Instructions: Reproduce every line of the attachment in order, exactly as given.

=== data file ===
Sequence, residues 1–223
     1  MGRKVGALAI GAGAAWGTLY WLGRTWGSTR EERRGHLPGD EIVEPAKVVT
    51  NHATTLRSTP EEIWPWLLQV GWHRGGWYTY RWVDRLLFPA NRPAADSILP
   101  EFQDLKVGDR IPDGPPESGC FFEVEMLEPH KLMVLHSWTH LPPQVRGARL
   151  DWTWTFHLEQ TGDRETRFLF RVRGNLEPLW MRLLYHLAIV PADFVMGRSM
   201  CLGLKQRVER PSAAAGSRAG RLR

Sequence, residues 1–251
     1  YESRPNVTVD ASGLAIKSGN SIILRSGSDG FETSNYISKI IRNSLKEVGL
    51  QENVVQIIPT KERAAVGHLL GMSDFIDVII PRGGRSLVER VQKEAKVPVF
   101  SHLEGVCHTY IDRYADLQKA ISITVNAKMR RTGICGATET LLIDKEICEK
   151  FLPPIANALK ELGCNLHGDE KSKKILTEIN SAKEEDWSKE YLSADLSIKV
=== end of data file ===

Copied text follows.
Sequence, residues 1–223
     1  MGRKVGALAI GAGAAWGTLY WLGRTWGSTR EERRGHLPGD EIVEPAKVVT
    51  NHATTLRSTP EEIWPWLLQV GWHRGGWYTY RWVDRLLFPA NRPAADSILP
   101  EFQDLKVGDR IPDGPPESGC FFEVEMLEPH KLMVLHSWTH LPPQVRGARL
   151  DWTWTFHLEQ TGDRETRFLF RVRGNLEPLW MRLLYHLAIV PADFVMGRSM
   201  CLGLKQRVER PSAAAGSRAG RLR

Sequence, residues 1–251
     1  YESRPNVTVD ASGLAIKSGN SIILRSGSDG FETSNYISKI IRNSLKEVGL
    51  QENVVQIIPT KERAAVGHLL GMSDFIDVII PRGGRSLVER VQKEAKVPVF
   101  SHLEGVCHTY IDRYADLQKA ISITVNAKMR RTGICGATET LLIDKEICEK
   151  FLPPIANALK ELGCNLHGDE KSKKILTEIN SAKEEDWSKE YLSADLSIKV